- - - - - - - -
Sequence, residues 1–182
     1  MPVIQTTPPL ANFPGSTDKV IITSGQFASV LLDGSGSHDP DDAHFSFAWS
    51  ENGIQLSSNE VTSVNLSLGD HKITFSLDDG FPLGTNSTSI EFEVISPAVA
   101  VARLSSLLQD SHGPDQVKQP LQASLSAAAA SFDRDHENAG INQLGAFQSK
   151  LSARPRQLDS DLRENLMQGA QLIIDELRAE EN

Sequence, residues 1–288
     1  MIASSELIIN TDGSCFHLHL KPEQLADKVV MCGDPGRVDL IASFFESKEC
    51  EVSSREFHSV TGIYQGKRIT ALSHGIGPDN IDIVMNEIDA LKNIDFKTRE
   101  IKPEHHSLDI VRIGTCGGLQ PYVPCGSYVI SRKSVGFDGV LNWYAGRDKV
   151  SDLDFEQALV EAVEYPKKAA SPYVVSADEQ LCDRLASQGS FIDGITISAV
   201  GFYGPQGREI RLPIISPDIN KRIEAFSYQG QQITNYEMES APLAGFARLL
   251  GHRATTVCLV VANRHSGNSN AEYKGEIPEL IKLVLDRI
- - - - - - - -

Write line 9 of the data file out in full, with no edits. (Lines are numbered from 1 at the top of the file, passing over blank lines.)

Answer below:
   101  IKPEHHSLDI VRIGTCGGLQ PYVPCGSYVI SRKSVGFDGV LNWYAGRDKV